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Restless with a Cause— Understanding ADHD

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I always wondered why I was so hyperactive. It wasn’t until I became an adult, and was doing some research on Attention Deficit Hyperactivity Disorder (ADHD) that I discovered I not only live with the condition now, but I had also been the classic poster child for it. It dawned on me that I was reprimanded for much of my childhood due to an undiagnosed medical condition. I began to feel incredible empathy and compassion for children who live with constant belittling, name-calling, and punishment for behavior that they have little or no control over. I realized the desperate need to educate the general public, especially parents and teachers, as well as healthcare providers, particularly in the developing world, about recognizing symptoms of ADHD and how to seek help.

ADHD is a neurodevelopmental disorder that affects a person’s ability to pay or sustain attention. The disorder could also affect impulse control and make a person hyperactive or fidgety. It is independent of how intelligent a person is, and the severity of symptoms varies from one person to the next. Virtually all affected persons show symptoms before the age of 12 years, but the condition often goes unrecognized, as my case was. 

When I was a child, I couldn’t sit still. I seemed to lose items more often than the average kid. Sometimes, it was my school supplies; at other times, it was the oddest of items —like the day I arrived home after school with only one sandal. My parents couldn’t understand how I could have been inattentive enough not to notice the heat of the pavement on just one foot. In addition to forgetfulness in daily activities, I seemed incapable of being quiet. My teachers put comments in my report card about how I was an intelligent and energetic student, who would shine, if only I could sit still and stay focused on the teacher, instead of drawing pictures on my class work and engaging in side talk. Each morning, I was determined to change my ways to please my teachers, but I always fell short. In those days, children were customarily smacked for such behaviors, and heaven knows, I got more than my fair share of whippings!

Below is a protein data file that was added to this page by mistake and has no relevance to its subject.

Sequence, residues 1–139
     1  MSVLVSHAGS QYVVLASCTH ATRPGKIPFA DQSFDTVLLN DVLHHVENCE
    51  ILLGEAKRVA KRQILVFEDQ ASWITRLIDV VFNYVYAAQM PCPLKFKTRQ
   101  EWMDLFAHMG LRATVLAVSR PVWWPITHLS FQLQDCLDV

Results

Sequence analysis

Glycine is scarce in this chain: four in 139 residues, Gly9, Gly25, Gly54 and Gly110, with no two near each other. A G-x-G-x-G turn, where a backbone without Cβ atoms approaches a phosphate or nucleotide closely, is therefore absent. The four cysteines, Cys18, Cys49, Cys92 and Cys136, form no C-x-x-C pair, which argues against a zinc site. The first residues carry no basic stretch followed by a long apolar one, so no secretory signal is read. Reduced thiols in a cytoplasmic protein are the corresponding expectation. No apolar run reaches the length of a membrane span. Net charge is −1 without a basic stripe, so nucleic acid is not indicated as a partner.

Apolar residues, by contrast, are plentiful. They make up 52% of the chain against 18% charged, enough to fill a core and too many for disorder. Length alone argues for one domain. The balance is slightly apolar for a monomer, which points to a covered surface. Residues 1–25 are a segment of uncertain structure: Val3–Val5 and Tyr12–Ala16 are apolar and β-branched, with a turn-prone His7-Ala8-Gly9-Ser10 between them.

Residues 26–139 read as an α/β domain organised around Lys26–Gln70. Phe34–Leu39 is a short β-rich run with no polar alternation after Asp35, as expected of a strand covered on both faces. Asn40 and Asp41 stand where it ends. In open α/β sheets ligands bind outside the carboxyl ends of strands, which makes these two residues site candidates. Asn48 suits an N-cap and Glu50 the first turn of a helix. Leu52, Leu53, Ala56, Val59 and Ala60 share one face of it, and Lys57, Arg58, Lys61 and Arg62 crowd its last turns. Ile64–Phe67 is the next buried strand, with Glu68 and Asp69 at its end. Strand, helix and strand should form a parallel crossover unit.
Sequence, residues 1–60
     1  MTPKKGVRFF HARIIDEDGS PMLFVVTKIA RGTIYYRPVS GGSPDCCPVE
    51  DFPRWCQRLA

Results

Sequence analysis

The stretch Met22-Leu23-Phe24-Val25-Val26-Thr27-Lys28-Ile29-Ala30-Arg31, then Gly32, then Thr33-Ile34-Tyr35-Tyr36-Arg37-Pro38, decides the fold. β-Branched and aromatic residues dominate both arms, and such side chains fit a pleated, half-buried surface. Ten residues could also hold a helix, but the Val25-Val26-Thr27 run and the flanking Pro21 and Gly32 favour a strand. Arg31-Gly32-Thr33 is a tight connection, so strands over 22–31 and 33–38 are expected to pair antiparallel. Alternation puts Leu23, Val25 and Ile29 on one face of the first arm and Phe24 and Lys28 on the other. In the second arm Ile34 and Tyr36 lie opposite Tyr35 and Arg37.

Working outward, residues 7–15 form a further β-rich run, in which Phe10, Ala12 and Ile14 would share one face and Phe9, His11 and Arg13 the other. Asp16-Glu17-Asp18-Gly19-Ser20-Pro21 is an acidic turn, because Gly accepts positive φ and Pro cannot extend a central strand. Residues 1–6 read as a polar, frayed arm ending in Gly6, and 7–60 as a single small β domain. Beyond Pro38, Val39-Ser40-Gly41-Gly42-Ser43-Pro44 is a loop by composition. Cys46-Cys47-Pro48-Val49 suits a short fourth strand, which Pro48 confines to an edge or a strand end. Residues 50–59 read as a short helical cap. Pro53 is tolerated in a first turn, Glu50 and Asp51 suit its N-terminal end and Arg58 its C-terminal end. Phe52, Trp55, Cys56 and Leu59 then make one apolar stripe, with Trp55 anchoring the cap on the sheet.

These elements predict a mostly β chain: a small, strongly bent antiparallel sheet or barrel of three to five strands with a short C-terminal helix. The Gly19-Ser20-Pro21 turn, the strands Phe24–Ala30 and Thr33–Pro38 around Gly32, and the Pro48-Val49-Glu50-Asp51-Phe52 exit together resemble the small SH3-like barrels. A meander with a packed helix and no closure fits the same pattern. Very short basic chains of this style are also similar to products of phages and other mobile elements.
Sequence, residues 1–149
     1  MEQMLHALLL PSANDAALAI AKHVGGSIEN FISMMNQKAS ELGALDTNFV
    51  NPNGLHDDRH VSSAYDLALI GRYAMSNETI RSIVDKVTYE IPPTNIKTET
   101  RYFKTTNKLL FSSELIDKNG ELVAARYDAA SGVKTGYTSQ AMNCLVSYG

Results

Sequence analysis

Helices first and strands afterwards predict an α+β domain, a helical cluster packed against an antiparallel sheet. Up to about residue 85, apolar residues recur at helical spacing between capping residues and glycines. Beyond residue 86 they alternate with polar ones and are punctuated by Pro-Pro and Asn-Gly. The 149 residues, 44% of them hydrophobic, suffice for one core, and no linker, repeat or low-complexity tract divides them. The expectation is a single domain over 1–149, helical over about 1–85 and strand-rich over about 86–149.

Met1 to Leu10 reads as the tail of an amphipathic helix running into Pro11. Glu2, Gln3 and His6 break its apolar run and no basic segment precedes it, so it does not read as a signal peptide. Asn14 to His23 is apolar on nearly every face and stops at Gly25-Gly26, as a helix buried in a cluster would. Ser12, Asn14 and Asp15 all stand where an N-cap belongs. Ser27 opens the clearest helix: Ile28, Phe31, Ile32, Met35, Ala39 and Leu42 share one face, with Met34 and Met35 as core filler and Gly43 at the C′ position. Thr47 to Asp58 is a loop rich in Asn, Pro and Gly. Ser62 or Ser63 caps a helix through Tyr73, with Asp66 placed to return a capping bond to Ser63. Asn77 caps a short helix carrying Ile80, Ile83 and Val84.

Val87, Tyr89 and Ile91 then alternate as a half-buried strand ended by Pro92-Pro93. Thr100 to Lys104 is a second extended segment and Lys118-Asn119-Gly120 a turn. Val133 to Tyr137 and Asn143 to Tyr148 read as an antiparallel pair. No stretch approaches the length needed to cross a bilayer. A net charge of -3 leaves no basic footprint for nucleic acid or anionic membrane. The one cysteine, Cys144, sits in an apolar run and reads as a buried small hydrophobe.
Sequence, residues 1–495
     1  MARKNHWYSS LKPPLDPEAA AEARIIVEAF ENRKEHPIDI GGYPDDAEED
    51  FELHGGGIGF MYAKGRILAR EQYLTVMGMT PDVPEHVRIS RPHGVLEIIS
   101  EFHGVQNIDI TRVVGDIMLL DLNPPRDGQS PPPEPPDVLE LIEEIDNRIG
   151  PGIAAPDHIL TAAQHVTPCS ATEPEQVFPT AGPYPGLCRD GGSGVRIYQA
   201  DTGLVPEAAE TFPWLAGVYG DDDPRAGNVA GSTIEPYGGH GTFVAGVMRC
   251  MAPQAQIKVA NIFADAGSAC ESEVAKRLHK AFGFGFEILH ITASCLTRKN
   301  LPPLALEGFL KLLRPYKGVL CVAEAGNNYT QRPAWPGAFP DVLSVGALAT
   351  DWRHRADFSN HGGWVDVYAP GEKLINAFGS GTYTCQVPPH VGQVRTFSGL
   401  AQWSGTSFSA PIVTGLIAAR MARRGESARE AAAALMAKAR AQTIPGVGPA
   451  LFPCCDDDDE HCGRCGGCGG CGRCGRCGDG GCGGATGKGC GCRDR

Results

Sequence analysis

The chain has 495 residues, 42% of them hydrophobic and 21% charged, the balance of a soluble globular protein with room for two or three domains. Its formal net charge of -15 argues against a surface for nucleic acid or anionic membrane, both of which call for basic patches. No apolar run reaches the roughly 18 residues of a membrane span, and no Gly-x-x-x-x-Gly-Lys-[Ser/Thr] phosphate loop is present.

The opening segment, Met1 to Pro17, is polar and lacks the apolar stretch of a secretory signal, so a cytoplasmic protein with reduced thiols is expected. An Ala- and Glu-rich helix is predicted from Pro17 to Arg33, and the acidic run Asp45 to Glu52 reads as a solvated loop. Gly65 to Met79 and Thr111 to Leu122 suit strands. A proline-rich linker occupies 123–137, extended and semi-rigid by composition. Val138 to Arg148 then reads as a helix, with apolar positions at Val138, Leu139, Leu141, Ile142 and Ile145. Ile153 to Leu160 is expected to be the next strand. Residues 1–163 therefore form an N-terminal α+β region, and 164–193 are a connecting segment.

ADHD interferes with daily life at school, work, home or in social situations. There is a tendency for it to affect academic achievement due to distractibility, an abundance of careless mistakes, the propensity to be slow at completing work and forgetting to turn work in. There may be inconsistent performance based on how distracted a person was when the work was being done or how pleasurable the activity was, since people living with ADHD may be able to hyper-focus on activities that they genuinely enjoy.

A diagnosis of ADHD is not a sentence to a life of gloom and doom. I managed to graduate with good grades and was accepted into medical school at the age of 15 years. In spite of struggles and academic detours, I have made a success of my life. Left undiagnosed and untreated, not everyone with ADHD will be that fortunate. Many are erroneously labeled as lazy, disobedient, disorganized or badly behaved. Some eventually give up on school, or holding down a job due to symptoms such as poor time management or an inability to follow through with directions or assigned tasks.